Peter Buggenhout - Los ciegos guiando a los ciegos
26 / 10 - 15 / 12 / 2017

La Galería Hilario Galguera se complace en presentar Los ciegos guiando a los ciegos, primera exposición individual de Peter Buggenhout en México, abierta al público a partir del 26 de octubre de 2017. Constituida por piezas de 4 series diferentes - Mont Ventoux, Los ciegos guiando a los ciegos, Gorgo y Mute Witness - esta muestra esboza varios aspectos fundamentales de su práctica escultural y presenta las producciones más recientes del artista. 

La obra de Buggenhout es un continuo evento de indeterminación existencial. A la vez un desenlace de negación y aserción, de implosión y expansión, desobedeciendo la distinción entre fuera y dentro, frente y vuelta, central y marginal, ascendente y descendiente, resistiendo la noción de un punto de vista fijo, minando el concepto de una identidad unificada y coherente; de una mismidad. Sus esculturas derivan, en gran medida, de las condiciones de vestigios. Formalmente desentrañadas, indefinidas y fragmentadas, aparecen como si hubieran caído del cielo o hubieran sido sacadas del fondo del océano, oponiendo la ilusión de persistencia y plenitud, así como de progresión y vencimiento. Simulando reminiscencias de ruinas, las esculturas de Peter Buggenhout plantean la idea de una producción positiva y en un sentido más amplio, la idea de una experiencia registrada, de una memoria grabada y de un conocimiento adquirido. Las piezas involucran una acumulación incontrolable de materiales, objetos, procesos y situaciones. 

La serie Mont Ventoux (iniciada en el 2006) se caracteriza por el uso de intestinos de animales, primordialmente estómagos y entrañas, como material escultural. Las dos piezas de Mont Ventoux aquí expuestas son condensaciones de estómagos de vaca con elementos tanto orgánicos como sintéticos. En vez de servir como el tejido que conforma los órganos internos, aquí el intestino cumple la función de un caparazón exterior; la piel del objeto escultural. 

El título Mont Ventoux alude a un texto de 1350 del poeta Petrarca que desenvuelve la historia de su ascenso al Monte Ventoux en la forma de una carta de amor. Buggenhout explica así su alusión: “Petrarca pensó que podía medir y dominar el mundo parado en la cima del Monte Ventoux, pero el mirar las cosas a distancia es una ilusión; es imposible inferir el panorama general estando en el centro de algo” La serie Mont Ventoux se percibe no solamente como un movimiento unidireccional desde la naturaleza hacia la cultura, pero también como un movimiento en otra dirección. Por lo tanto, descarta la pretensión de la humanidad de dominar y reconocer el mundo, y de deconstruir la narrativa de la historia como una progresión lineal.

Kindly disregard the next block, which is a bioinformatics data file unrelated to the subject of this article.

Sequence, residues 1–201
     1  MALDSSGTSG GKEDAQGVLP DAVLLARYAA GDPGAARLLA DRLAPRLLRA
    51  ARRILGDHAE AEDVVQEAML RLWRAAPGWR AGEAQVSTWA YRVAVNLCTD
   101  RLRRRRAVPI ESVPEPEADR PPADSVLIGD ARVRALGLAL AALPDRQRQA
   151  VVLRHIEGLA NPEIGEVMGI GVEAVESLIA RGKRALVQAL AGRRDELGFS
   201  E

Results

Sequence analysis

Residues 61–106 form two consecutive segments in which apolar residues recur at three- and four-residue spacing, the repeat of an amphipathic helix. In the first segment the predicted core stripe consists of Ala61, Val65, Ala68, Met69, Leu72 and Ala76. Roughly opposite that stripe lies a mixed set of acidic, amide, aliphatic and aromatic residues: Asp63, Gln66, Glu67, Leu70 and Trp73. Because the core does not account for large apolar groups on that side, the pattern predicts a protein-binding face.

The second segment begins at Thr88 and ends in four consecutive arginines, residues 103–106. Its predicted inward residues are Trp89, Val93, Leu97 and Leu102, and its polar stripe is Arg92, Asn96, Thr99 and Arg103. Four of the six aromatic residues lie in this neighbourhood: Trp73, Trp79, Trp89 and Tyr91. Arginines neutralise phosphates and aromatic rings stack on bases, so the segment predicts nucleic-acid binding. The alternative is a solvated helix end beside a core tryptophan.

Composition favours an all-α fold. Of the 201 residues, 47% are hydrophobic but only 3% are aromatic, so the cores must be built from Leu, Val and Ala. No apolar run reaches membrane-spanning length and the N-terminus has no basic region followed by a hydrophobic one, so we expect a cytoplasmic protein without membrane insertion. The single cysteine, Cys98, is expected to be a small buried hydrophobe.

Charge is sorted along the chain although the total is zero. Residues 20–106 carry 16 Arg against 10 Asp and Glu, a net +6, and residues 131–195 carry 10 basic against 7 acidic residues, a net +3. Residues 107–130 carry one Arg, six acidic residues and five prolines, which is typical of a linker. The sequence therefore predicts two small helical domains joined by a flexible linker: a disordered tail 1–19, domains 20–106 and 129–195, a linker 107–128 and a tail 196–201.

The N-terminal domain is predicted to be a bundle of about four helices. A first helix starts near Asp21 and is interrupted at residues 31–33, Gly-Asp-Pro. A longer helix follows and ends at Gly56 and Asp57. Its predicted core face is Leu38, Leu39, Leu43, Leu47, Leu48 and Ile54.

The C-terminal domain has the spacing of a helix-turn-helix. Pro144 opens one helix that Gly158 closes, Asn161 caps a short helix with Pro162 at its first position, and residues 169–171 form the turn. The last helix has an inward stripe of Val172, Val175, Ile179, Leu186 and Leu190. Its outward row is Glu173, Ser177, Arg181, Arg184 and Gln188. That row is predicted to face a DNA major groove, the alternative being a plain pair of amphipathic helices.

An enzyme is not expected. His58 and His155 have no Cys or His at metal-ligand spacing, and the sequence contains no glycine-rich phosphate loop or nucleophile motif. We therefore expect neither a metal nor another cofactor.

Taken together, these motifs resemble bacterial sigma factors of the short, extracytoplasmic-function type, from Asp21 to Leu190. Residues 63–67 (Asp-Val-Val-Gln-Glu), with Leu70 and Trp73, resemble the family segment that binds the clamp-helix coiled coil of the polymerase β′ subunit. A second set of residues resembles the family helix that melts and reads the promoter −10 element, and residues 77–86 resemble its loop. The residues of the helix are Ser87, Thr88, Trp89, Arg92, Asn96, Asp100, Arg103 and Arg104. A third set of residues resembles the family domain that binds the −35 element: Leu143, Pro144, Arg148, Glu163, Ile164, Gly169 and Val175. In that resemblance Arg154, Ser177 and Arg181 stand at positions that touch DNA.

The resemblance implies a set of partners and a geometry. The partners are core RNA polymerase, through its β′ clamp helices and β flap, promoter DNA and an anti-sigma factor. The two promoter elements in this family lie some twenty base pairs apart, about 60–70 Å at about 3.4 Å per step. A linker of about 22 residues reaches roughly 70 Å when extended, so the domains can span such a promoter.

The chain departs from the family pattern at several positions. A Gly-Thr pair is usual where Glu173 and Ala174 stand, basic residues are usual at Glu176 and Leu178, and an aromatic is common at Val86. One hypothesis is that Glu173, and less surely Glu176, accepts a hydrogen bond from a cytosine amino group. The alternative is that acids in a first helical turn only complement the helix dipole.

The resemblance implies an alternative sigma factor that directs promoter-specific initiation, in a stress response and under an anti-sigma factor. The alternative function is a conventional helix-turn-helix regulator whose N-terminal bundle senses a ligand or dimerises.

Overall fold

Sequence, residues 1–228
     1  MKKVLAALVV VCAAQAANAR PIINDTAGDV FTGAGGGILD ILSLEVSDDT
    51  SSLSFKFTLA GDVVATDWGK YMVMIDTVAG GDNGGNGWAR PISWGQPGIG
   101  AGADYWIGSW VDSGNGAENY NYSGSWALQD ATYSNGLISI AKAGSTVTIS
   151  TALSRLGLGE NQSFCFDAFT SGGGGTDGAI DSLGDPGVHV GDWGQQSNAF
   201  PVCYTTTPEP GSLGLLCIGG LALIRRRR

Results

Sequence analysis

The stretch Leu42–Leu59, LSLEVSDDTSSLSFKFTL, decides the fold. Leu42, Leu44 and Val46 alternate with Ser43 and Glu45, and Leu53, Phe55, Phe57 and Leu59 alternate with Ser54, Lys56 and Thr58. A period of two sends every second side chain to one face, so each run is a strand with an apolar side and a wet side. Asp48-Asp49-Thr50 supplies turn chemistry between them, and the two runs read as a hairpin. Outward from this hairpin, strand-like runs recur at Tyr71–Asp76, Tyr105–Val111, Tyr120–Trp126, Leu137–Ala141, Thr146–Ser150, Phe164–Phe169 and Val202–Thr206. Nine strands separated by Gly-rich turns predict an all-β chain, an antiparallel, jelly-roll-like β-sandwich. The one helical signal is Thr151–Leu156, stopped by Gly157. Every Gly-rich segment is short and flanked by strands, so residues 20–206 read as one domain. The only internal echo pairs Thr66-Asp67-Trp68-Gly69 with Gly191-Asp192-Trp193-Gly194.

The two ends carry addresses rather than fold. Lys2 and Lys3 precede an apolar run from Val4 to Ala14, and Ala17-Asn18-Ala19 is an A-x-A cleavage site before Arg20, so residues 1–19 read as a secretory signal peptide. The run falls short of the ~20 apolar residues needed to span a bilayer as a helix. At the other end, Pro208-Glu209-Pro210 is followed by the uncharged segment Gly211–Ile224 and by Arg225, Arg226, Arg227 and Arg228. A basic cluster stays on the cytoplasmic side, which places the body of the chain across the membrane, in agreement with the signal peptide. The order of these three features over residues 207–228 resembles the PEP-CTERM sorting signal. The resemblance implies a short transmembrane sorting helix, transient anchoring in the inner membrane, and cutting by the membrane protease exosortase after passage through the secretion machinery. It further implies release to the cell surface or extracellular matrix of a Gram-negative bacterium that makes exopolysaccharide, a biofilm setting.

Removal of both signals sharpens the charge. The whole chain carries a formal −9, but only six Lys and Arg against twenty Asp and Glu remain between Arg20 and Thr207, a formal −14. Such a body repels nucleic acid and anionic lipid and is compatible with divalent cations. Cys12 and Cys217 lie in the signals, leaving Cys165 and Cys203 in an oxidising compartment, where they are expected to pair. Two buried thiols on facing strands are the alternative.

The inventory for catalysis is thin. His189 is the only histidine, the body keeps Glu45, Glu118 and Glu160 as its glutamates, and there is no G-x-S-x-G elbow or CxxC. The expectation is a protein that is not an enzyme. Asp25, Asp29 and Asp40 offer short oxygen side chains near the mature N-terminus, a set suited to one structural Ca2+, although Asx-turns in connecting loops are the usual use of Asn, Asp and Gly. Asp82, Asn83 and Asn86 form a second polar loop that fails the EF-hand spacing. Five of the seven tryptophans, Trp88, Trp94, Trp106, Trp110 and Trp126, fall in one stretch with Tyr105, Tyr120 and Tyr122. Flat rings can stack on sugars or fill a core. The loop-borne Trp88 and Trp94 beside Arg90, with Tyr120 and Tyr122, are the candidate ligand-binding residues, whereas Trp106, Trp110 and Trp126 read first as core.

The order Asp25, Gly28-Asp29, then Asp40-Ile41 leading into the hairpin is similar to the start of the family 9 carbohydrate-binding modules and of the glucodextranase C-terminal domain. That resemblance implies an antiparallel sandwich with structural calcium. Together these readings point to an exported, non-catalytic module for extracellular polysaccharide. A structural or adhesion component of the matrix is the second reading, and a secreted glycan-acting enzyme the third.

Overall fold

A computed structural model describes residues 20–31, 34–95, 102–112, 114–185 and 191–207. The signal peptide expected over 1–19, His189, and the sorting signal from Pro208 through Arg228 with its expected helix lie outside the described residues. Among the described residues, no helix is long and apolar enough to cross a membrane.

Los ciegos guiando a los ciegos, serie sobre la cual la exposición es titulada, es el grupo de piezas más prominente de Buggenhout y al que se le conoce comúnmente como “esculturas de polvo”.Producidas a partir de 2004, estas piezas son pilas de restos unidos bajo una capa de polvo, representando las propiedades físicas y formales de sus componentes ilegibles, obscuros y olvidados. Variando en escala y en formas de presentación, las esculturas de polvo no atestiguan a nada excepto a una pérdida incontrolable de la identidad propia; en el curso en el que las cosas no solo dejan de existir, sino que ya no pueden ser recordadas por lo que fueron. 

Los ciegos guiando a los ciegos es el título de la pintura de 1568 de Pieter Bruegel el viejo. Simbolizando las consecuencias de una vida sin fe, la pintura muestra una procesión temblorosa de hombres ciegos siendo guiada a una fosa. En el universo de Buggenhout, sin embargo, el título sirve para otro propósito, acentuando el hecho de que las esculturas de polvo no retratan nada y no sugieren ninguna referencia visual ni verbal equivalente por la que pudieran ser entendidas como una imagen distintiva. Excluyendo representación y significado, las esculturas de polvo eluden el lenguaje y el reconocimiento exterior y, por lo tanto, la razón exterior. 

Atrapadas en un estado concurrente de desbordamiento y solidificación, las esculturas de Gorgo son un resultado de sumergir materiales parcialmente identificables (desde cartón a pelo de caballo) en sangre de cerdo. Como tal, abordan el tema de la escultura como un ritual de sacrificio, un experimento en diversos niveles de materia y realidad. Pero, como lo muestra Gorgo #22 (2010), una de las cuatro esculturas de Gorgo presentes en la exposición, este cuerpo de obra también sitúa la práctica de Buggenhout dentro del reino del performance y del teatro. Gorgo #22, ligeramente delimitada por un marco torcido de hierro, simula un escenario que está asociado al teatro de la calle o al de marionetas; sus constelaciones escultóricas transgresoras junto con las cortinas que lo sostienen son personificadas como una criatura acrobática colgando de cabeza de la barra superior del marco. El título Gorgo conecta con las series de la mitología griega de las Gorgonas; las tres hermanas con pelo de serpientes cuya apariencia transforma a todo quien las contempla en piedra. El título caracteriza a las esculturas Gorgo como una interfaz dinámica entre lo bestial y lo inanimado.